Meanwhile, combine the salt, sugar, and flour in a large mixing bowl. Add the melted butter to the milk mixture. Pour the wet ingredients into the dry and mix until fully combined. Let the dough stand at room temperature for 1 hour, then beat down with a wooden spoon to deflate. Cover with a cloth and let stand overnight in the refrigerator or at room temperature.

In the morning, deflate the mix again and whisk in the beaten eggs and vanilla. At this point it should be a runny batter that can spread easily.

Heat a well-greased, heavy, 12 inch skillet over medium high heat. Make one large flapjack at a time by lifting the skillet off the heat while you pour ½ cup of batter, tilt the pan to cover the bottom surface completely. The top surface will bubble a little as the bottom cooks Wait until all the top bubbles burst and the top itself is not moist.  Flip and cook until golden.

Flapjacks can be served as part of a full breakfast or on their own with your choice of accompaniments – syrup, fruit, preserves, etc.

Jan 232021
 

Today is the birthday (1783) of Marie-Henri Beyle, better known by his pen name Stendhal, a 19th-century French writer, known for the novels Le Rouge et le Noir and La Chartreuse de Parme. He is highly regarded for the acute analysis of his characters’ psychology and considered one of the early and foremost practitioners of realism.

Stendahl was born in Grenoble, Isère, and had an unhappy childhood. His mother died when he was 7, and he found his father, a barrister, unbearable (he actually called him “unimaginative”). In 1799 he left for Paris, ostensibly to prepare for the entrance examination to the École Polytechnique, but in reality to escape from Grenoble and from paternal rule.

The military and theatrical worlds of the First French Empire were a revelation to Stendhal. His secret ambition on arriving in Paris was to become a successful playwright, but some highly placed relatives of his, the Darus, obtained an appointment for him as second lieutenant in the French military forces stationed in Italy. He was named an auditor with the Conseil d’État on 3rd August 1810, and thereafter took part in the French administration and in the Napoleonic wars in Italy. He travelled extensively in Germany and was part of Napoleon’s army in the 1812 invasion of Russia. Stendhal witnessed the burning of Moscow from just outside the city. He was appointed Commissioner of War Supplies and sent to Smolensk to prepare provisions for the returning army. He crossed the Berezina River by finding a usable ford rather than the overwhelmed pontoon bridge, which probably saved his life and those of his companions. He arrived in Paris in 1813, largely unaware of the general fiasco that the retreat had become. Stendhal became known, during the Russian campaign, for keeping his wits about him, and maintaining his clear-headedness. He also maintained his daily routine, shaving each day during the retreat from Moscow.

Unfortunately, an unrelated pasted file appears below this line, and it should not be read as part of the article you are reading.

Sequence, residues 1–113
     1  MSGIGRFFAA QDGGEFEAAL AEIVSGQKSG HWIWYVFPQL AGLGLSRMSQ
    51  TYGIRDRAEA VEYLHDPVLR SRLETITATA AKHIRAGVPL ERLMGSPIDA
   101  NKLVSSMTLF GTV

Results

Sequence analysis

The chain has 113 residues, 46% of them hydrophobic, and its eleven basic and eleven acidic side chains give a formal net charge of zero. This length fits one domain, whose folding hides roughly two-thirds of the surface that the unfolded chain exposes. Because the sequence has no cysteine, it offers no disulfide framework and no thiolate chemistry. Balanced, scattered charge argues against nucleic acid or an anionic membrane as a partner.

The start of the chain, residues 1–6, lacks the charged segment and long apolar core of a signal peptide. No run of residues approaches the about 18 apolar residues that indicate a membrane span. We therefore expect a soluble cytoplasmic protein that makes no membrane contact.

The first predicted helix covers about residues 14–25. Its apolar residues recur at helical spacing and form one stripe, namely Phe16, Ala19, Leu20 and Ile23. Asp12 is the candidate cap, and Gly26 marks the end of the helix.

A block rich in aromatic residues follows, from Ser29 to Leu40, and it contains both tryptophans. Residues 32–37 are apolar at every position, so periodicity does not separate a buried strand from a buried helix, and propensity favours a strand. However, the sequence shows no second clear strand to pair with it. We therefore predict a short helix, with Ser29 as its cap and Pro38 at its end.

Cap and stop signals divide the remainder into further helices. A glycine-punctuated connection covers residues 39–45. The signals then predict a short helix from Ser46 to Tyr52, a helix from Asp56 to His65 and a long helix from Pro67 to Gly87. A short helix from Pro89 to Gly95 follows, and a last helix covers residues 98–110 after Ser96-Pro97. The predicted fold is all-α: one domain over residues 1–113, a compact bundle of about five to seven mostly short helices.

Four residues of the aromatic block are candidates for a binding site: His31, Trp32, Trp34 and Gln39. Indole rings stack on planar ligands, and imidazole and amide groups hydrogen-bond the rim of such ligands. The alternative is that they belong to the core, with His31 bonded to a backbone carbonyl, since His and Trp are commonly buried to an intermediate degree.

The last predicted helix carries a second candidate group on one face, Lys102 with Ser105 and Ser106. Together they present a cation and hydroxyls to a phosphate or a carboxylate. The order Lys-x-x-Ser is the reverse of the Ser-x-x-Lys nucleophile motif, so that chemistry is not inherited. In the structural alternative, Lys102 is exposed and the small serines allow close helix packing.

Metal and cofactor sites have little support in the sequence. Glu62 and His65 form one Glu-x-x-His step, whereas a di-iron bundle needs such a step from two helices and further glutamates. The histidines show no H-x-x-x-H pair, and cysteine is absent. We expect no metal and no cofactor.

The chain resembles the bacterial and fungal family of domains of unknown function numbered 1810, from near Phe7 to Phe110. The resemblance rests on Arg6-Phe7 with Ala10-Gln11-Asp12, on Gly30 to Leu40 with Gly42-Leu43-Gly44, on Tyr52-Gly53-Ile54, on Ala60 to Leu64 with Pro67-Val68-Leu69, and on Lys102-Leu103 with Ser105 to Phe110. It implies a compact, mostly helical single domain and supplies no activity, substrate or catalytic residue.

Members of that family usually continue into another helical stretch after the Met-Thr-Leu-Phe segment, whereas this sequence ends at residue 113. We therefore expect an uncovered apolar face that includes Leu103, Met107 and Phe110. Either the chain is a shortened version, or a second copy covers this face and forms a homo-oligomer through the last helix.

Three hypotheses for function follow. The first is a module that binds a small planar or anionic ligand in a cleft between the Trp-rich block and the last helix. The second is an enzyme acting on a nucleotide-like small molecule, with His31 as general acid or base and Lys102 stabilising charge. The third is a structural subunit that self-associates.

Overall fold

After the 1814 Treaty of Fontainebleau, he left for Italy, where he settled in Milan. He formed a particular attachment to Italy, where he spent much of the remainder of his career, serving as French consul at Trieste and Civitavecchia. His novel The Charterhouse of Parma, written in 52 days, is set in Italy, which he considered a more sincere and passionate country than Restoration France. An aside in that novel, referring to a character who contemplates suicide after being jilted, speaks about his attitude towards his home country: “To make this course of action clear to my French readers, I must explain that in Italy, a country very far away from us, people are still driven to despair by love.”

Stendhal identified with the nascent liberalism and his time in Italy convinced him that Romanticism was essentially the literary counterpart of liberalism in politics. When Stendhal was appointed to a consular post in Trieste in 1830, Metternich refused his exequatur on account of Stendhal’s liberalism and anti-clericalism.

Stendhal was a dandy and wit about town in Paris, as well as an obsessive womanizer. However, his genuine empathy towards women is evident in his books; Simone de Beauvoir spoke highly of him in The Second Sex. One of his early works is On Love, a rational analysis of romantic passion that was based on his unrequited love for Mathilde, Countess Dembowska, whom he met while living at Milan. This fusion of, and tension between, clear-headed analysis and romantic feeling is typical of Stendhal’s great novels.

In On Love Stendhal speaks of “birth of love” in which the love object is ‘crystallized’ in the mind, as being a process similar or analogous to a trip to Rome. In the analogy, the city of Bologna represents indifference and Rome represents perfect love:

Stendhal’s depiction of “crystallization” in the process of falling in love.

When we are in Bologna, we are entirely indifferent; we are not concerned to admire in any particular way the person with whom we shall perhaps one day be madly in love; even less is our imagination inclined to overrate their worth. In a word, in Bologna “crystallization” has not yet begun. When the journey begins, love departs. One leaves Bologna, climbs the Apennines, and takes the road to Rome. The departure, according to Stendhal, has nothing to do with one’s will; it is an instinctive moment. This transformative process actuates in terms of four steps along a journey: